I think we’re almost there…
After climbing Liberty Bell the previous day, Daniel, Zeos, Kylie and I decided to wrap up the weekend with another Washington Pass classic, Silver Star Mountain. Silver Star dominates the eastern views from Washington Pass with its jagged ridgeline and spiky Wine Spires. Although very close to the road, it is actually a decent length trip so we got an early start.
The beginning of the climb is actually a steep loose descent to the river before the real climbing begins. Then it is thousands of feet of rather monotonous climbing up dry forest up a rather steep climber’s path. It was getting warm already and Kylie was regretting wearing her heavy insulated Nepals. Toasty.
Zeos started asking if we were halfway yet, but unfortunately we were not. Above the trees, we started going up a sandy gully. It was loose and Daniel and I were thankful we were wearing our La Sportiva Crossover 2.0 GTX with built-in gaiters to keep our feet clean and happy! Eventually we reached Burgundy Col, where the Mountaineers had set up camp, taking every last available campsite at the small pass. The spires around us were very impressive! We would have to return some other time when we were better at rock climbing.
Unfortunately, we had to inform Zeos that now we were going downhill a bunch and traversing on snow before continuing on to the summit. I don’t think we had communicated the nature of the route very well and he thought that the summit would be shortly after the col.
After the traverse, we began climbing up the mellow Silver Star Glacier. Late season, it becomes very icy but it was chill for us. At the top of the glacier, we moved onto rock and found a place to rest out of the sun.
From here, we were off the snow onto the scramble. People describe this scramble as anywhere from 3rd class to low 5th. We found it was somewhere in between. The true summit, however is very airy and definitely exposed 4th-low 5th class! It seems most people do not touch the true summit. We took turns making the bouldery moves, but Zeos chose to pass on it.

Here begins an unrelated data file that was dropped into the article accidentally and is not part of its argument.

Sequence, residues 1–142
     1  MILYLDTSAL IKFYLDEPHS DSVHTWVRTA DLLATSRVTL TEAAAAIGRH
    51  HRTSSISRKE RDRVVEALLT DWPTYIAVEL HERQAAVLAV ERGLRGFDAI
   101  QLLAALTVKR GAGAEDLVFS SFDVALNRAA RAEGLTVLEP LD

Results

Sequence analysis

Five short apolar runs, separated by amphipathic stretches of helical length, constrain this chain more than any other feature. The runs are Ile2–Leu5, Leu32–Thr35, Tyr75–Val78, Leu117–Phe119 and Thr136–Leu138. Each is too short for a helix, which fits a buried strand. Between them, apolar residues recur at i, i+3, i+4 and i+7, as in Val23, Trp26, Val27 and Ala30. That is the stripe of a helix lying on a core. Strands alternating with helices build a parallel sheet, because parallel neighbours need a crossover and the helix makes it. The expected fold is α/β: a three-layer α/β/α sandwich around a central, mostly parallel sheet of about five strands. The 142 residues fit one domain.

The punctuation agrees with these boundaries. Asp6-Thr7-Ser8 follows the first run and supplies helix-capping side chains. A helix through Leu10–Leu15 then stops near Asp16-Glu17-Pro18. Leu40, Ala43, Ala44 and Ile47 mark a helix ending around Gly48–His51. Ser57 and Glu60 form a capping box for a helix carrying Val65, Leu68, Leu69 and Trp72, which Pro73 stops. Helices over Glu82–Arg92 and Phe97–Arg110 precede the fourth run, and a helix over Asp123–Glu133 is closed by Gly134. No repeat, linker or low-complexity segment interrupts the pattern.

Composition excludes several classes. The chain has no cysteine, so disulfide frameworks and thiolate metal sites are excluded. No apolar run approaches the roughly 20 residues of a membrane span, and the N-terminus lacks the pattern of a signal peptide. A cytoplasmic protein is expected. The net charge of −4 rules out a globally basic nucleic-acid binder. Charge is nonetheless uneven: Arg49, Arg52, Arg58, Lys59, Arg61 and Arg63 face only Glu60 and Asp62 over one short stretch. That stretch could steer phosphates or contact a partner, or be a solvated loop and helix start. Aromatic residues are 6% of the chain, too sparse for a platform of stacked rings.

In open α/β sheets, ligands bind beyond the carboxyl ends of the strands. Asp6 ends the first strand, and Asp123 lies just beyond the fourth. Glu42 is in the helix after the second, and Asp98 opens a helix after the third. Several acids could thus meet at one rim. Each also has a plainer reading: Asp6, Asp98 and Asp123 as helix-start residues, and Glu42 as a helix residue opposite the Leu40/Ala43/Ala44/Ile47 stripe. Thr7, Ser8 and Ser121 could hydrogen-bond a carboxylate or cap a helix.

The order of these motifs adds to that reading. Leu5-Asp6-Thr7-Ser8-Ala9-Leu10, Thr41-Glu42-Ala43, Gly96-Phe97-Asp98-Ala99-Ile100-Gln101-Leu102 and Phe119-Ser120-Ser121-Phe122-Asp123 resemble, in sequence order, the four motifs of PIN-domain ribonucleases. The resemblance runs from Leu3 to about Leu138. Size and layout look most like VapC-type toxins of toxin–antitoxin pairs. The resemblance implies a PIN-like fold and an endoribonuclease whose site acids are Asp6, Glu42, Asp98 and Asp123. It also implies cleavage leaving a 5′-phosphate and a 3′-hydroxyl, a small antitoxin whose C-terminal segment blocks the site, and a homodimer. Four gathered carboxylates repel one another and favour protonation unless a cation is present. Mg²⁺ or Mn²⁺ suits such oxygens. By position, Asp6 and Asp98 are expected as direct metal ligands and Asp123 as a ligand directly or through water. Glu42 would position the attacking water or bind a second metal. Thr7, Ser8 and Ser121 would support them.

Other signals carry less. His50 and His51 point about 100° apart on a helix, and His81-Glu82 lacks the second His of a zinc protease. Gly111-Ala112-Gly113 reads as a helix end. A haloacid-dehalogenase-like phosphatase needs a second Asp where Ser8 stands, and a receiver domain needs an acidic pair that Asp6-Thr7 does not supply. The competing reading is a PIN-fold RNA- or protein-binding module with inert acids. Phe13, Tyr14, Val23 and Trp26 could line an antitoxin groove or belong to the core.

At nearly 9000 ft, the views from the summit of Silver Star were exceptional, definitely some of the best I’ve ever had in the Cascades. It gives direct views into the Pasayten and Sawtooth, intimate views of WA Pass area, and distant views of the rest of the North Cascades.
We hung out for a while on the summit, as it was one of the warm, bluebird summer days in the Cascades where you never want to head down. There were a few other parties up with us also in passing.
Eventually it was time to go down. We used a short handline for the toughest part of the scramble and then ran down the mushy snowfield in the afternoon heat. The climb back up to Burgundy Col was annoying, but then it was a quick loose descent back down to treeline. Somewhere in the trees, Zeos lost his ice ax (while it should have been in use) and Kylie and Zeos spent 45 minutes looking for it in the same small area before finally finding it. I think Daniel and I were tired and took a nap.
We got back to the car in the late afternoon, ready for some burgers and a long drive home. Silver Star was a beautiful, but rather straightforward climb. It was a good complement to a technical climb the day before. Thanks Daniel and Zeos for a fun weekend at Washington Pass!